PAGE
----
It appears to me that in the past, the Best Use of Color award in the Area Exhibits have been awarded to colorful pieces, not necessarily ones demonstrating the makers' knowledge of color theory, which is what I thought was the aim of the award.
I think a lot of us thought another piece, a Kimono-style garment with three different handwoven fabrics, would win the top prize; I certainly thought so. But I'm still glad Colleen's installation won because it gave me a lot to think about.
Still, I shouldn't get so worked up by these openings and by others' works; I finally felt mildly sleepy at 1:45, but was up and thinking again before 5:30 this morning. And I have to give another speech at Toastmasters at 12 today, for which I'm ill-prepared.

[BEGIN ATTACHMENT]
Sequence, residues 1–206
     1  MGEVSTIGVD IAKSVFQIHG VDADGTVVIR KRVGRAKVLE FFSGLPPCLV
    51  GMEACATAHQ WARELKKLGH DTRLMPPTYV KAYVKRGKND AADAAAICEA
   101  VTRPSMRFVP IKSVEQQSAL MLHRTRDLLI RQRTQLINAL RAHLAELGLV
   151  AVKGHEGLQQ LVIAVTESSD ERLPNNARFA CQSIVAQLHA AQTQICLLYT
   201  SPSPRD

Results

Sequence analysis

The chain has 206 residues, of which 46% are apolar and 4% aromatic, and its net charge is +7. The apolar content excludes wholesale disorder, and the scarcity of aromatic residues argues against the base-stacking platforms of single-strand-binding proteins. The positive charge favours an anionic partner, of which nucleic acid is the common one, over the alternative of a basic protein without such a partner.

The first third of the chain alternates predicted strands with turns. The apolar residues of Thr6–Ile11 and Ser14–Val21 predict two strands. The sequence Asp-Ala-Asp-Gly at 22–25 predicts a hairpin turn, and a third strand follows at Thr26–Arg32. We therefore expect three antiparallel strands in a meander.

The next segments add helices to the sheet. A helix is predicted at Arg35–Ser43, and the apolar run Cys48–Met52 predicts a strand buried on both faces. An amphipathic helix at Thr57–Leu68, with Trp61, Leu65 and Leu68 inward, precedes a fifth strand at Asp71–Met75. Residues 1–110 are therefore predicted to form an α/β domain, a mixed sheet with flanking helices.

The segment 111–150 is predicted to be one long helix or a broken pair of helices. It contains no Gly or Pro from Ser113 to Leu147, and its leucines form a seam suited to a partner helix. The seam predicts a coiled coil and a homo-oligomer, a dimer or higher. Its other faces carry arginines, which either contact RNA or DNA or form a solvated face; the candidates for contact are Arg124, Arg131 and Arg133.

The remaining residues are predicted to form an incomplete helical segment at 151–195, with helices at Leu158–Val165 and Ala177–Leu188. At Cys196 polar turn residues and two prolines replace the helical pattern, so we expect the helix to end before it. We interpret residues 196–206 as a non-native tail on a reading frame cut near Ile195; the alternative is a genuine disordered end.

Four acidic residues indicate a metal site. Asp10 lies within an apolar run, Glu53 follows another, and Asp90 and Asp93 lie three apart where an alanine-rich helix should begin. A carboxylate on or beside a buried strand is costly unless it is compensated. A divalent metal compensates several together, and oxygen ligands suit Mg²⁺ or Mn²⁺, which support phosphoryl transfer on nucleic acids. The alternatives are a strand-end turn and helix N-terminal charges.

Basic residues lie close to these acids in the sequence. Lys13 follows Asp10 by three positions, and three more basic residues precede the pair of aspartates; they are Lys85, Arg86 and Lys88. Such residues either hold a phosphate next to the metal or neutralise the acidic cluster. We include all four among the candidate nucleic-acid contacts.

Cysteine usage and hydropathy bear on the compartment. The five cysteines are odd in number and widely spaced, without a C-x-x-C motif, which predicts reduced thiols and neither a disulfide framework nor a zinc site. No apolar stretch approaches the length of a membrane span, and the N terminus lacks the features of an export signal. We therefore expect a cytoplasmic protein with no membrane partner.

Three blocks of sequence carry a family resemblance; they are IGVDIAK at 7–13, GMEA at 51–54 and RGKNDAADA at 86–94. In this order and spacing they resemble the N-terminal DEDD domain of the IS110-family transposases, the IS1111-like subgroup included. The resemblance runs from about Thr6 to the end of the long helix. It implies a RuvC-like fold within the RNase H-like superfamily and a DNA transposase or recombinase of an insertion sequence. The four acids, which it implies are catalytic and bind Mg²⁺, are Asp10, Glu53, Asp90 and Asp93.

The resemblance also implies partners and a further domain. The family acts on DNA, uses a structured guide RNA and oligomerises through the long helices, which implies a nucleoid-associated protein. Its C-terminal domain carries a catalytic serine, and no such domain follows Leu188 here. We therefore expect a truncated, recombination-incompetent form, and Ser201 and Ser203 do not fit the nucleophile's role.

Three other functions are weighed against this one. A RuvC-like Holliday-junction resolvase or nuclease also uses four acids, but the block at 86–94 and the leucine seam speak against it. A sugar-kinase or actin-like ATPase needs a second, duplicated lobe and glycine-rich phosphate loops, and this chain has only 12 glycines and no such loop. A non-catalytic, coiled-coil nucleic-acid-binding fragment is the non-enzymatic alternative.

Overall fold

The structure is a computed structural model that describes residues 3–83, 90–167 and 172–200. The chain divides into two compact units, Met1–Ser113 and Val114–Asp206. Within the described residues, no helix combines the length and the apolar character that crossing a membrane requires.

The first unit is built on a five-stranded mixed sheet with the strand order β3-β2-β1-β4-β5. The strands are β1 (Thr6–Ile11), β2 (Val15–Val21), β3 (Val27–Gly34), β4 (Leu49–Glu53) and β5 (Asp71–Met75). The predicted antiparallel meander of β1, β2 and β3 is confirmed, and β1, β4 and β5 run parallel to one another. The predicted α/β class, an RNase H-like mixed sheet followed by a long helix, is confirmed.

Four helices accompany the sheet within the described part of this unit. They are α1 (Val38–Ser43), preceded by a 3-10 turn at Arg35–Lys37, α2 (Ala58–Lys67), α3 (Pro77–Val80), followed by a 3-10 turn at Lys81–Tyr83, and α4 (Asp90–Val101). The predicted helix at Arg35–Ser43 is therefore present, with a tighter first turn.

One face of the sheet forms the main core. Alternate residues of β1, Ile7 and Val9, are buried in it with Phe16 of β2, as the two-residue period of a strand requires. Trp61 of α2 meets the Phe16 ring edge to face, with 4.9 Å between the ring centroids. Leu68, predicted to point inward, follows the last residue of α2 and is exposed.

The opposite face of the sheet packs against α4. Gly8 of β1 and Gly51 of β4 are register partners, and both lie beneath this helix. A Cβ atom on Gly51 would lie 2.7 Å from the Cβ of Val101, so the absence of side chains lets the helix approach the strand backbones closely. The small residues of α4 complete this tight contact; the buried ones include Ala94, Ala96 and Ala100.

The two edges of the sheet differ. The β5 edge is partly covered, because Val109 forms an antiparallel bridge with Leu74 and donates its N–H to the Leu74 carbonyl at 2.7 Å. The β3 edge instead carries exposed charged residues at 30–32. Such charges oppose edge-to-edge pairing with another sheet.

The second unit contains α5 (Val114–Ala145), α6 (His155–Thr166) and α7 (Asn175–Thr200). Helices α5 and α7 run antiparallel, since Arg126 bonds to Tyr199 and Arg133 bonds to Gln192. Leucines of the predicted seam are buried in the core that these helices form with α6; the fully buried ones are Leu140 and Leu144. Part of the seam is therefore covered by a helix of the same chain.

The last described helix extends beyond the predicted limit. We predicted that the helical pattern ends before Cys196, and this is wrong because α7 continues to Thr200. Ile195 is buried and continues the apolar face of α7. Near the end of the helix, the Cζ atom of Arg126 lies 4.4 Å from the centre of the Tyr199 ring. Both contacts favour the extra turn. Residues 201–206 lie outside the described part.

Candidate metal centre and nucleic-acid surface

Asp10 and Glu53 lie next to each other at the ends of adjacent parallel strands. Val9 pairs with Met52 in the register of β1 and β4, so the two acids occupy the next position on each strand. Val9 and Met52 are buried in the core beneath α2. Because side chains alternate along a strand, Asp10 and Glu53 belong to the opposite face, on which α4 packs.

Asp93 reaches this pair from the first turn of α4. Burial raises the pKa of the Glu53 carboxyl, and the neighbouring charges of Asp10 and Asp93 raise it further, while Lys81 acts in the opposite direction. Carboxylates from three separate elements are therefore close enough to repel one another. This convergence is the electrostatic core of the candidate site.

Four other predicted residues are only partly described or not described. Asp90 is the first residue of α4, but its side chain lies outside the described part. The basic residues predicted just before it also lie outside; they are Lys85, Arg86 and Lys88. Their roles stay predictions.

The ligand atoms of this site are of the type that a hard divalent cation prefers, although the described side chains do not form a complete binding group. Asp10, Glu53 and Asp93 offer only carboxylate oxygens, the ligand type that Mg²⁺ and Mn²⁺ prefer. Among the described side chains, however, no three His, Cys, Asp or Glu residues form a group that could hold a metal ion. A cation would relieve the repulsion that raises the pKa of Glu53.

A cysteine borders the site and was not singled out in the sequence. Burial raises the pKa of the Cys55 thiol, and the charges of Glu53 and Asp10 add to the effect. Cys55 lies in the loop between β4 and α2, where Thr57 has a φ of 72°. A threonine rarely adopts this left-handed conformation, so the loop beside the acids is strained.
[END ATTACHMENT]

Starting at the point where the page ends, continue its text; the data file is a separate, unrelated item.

But all in all, I think what I want the most is to be a good weaver. I don't know when/where this concept of me as an artist came up, (yes, I do; it's when I joined Arts Marketing and began being included in the category "artists", because I didn't belong to catetories educators, arts administrators, or art purchasers/gallerists. ) And, sure, I want to be able to make pieces that move viewers/wearers, but above all, I want to be a good weaver. "What's wrong with that?" Ben asked me last night. Absolutely nothing.
I'm remembering my humbler (at heart) days when I was tickled pink to just say the word "weaver" out loud, in private, of course. But then, you know me, I'm sure the pendulum will swing the other way again.
Oh, and the Toastmasters, for my Speech 3, I'm talking about Color-and-Weave and optical illusions, and I'm spreading the word for the Exhibit as well.